Thursday, October 16, 2008

19 Days: Lose the Landing Page

Last month, I started having UX Office Hours at StartPad. For four hours each month, I'm available for whoever walks in to get some free advice on the user experience of their product. It's UX, not UI, because we cover a lot more than just the interface --it's about improving how users experience the product.

Today, one of the people was Mark Puckett of KExplorer. It was immediately obvious that he had done a lot right. He'd built something useful and, unlike a lot of things I see, it was neither ugly nor cluttered. Well, not very cluttered. He started with a very simple question about a feature that he wanted to add and how should he do that. We expanded the question to how could the whole page be redesigned to not only make it work better but to make the feature fit in naturally. I think we came up with some good improvements and a good design.

After we finished with that, Mark offered to show me the home page. I was a bit surprised because I thought we had been looking at the home page. It turned out that the front page was a landing page -- an introduction to the site with a bunch of information on it. The information might even be useful information, but the fact that Mark skipped over it when showing me his site is an indication of the problem. The landing page is an obstacle. It's in the way from the portion of the site that is the most interesting and the most valuable. My vote: get rid of it. Take the content in that page that is useful and integrate it into the new home page -- the page that we'd spent most of the time discussing.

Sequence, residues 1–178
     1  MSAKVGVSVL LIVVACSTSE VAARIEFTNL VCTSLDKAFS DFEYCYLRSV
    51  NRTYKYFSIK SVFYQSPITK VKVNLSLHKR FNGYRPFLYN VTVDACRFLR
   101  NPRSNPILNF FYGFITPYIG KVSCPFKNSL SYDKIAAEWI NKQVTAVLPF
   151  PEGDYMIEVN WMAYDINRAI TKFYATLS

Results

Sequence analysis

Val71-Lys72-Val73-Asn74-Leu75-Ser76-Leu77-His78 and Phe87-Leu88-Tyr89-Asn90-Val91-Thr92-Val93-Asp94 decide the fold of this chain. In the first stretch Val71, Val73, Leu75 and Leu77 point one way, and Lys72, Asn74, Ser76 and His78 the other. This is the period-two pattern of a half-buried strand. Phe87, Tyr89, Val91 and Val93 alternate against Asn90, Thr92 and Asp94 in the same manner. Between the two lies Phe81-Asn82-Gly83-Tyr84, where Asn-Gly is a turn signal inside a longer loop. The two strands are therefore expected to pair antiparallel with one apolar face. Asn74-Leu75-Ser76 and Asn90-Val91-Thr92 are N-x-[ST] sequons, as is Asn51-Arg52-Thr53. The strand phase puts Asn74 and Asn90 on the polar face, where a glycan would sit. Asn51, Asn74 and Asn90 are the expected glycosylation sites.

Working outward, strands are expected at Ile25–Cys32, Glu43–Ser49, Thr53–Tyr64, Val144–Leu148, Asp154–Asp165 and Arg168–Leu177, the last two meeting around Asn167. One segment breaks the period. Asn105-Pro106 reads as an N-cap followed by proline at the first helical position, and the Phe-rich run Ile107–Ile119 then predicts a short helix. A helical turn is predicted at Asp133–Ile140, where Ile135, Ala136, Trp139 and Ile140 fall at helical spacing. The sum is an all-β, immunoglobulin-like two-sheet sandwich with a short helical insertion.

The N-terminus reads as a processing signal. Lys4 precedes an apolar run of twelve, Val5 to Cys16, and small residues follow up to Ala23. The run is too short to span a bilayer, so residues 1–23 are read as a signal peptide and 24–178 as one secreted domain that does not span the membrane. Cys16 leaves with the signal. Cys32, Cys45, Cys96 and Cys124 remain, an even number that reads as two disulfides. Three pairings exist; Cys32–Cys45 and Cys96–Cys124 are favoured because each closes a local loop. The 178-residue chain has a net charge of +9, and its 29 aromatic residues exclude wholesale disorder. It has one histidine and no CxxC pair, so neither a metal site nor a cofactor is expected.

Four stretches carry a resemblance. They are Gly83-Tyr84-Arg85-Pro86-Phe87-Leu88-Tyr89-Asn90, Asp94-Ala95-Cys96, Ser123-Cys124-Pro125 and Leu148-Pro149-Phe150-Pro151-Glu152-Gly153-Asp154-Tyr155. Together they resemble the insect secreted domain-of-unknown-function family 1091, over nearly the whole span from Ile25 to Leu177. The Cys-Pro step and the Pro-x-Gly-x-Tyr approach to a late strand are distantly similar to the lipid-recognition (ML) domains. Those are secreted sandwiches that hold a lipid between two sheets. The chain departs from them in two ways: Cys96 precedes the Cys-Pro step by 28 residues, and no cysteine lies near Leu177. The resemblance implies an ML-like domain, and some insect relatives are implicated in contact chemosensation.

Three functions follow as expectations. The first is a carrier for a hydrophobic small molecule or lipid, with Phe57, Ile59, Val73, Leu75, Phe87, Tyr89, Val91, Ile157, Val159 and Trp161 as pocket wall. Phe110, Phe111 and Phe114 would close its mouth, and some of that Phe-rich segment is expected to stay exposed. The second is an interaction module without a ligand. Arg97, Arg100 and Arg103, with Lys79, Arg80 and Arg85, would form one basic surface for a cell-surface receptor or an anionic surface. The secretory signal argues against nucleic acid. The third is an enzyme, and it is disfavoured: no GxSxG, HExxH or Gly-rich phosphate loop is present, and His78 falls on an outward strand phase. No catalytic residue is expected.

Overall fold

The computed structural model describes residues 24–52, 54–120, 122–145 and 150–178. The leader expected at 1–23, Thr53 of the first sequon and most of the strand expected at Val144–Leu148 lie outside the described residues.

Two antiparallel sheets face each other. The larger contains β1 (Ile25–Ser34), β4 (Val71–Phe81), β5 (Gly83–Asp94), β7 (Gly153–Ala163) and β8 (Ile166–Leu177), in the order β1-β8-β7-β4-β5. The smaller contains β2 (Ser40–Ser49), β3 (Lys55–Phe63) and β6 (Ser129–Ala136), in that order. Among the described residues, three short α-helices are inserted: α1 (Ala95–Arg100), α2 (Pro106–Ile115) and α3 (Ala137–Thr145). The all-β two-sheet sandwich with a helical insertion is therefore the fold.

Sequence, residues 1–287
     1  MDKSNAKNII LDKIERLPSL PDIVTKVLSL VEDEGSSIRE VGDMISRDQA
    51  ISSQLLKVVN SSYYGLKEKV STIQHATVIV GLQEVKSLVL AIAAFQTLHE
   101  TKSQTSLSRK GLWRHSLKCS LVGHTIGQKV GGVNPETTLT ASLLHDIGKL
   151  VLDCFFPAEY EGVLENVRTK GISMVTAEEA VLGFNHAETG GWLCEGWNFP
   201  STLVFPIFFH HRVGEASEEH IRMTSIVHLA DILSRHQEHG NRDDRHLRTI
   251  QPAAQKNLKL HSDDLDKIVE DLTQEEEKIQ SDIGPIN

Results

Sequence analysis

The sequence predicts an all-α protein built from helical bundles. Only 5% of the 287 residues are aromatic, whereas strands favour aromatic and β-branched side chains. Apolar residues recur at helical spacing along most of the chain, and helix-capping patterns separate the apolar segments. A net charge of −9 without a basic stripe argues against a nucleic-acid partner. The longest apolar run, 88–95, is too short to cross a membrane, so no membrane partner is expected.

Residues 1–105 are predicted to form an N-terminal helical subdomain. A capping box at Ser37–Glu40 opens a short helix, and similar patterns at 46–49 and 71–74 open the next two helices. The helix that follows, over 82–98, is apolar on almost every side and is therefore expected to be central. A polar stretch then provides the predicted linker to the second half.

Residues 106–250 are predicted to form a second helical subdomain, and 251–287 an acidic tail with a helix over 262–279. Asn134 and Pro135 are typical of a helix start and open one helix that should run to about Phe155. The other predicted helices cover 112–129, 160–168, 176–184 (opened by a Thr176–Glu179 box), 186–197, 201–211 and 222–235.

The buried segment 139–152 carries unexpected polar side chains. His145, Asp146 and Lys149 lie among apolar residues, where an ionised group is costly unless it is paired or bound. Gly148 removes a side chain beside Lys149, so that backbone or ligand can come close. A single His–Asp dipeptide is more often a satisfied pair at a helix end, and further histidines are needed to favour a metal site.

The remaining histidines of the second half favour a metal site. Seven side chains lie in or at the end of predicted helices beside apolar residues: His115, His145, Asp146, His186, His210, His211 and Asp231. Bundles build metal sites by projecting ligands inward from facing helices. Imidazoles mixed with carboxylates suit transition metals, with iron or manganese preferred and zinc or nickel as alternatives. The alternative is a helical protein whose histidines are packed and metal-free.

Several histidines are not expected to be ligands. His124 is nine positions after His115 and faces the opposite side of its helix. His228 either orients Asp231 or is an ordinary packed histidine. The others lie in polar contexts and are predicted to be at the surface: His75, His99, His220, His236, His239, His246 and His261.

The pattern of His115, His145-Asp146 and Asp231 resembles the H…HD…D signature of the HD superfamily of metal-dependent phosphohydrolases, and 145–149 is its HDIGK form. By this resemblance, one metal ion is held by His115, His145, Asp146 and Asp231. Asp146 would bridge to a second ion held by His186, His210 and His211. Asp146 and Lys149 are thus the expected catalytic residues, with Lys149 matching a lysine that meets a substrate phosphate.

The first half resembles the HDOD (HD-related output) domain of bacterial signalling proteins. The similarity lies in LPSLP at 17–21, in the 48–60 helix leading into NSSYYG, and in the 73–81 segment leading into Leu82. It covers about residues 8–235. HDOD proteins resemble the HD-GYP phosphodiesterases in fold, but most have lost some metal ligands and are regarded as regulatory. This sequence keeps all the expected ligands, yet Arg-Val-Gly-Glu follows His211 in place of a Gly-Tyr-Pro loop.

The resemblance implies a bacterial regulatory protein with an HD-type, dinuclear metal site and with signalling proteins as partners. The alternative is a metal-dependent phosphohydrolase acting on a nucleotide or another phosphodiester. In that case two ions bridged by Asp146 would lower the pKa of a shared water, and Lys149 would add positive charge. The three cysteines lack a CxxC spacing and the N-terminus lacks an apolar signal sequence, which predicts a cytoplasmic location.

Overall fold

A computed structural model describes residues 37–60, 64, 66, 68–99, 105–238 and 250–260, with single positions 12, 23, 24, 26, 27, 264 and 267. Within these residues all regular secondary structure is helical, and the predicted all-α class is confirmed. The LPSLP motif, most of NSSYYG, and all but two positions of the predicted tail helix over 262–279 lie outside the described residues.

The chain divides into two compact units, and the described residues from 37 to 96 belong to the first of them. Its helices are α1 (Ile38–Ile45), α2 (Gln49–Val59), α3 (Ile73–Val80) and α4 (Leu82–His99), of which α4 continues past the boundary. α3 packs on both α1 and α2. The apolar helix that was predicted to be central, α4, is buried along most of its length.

Groupthink has no landing page. When you go to Groupthink, you're ready to get started. After all, that's why you're there. There isn't a page extolling the benefits and a "click here to get started". You just get started, whether it's your first visit or your one hundredth. This doesn't mean the home page (or the first page a user sees) can't do some promotion -- frequently, you need to do this, and Groupthink's does, under certain conditions. But, if your home page is a "landing page," you'll have a lot of users land there and then go away. This isn't what you want.

Landing pages aren't always a bad idea, but I'm hard pressed to provide examples of where they're good. If you're even considering having a landing page, take a good hard look at whether it's the right thing for your site.

Update: Lose the Landing Page, Redux


Mike Koss said...

There is always a lot of tension about what the home page should be.

* A Description of the site
* A Demonstration of the site
* Social Proof
* 3rd Party Reviews

An example is It started out being purely descriptive - a bunch of text about the site. But we recognized that people don't really read, so we changed to show a simulation of what a user might see if they joined. But we went too far with that approach, because people were not sure what they were looking at.

Today we have a mixture of some simple value propositions (bullet points), showing some user generated content from the site, and featuring some of our more popular users.

I think the main purpose of the home page is to create the right impression. You are trying to convince a potential customer that you have a high quality service, which other people are already using (social proof), and they they should be using too.

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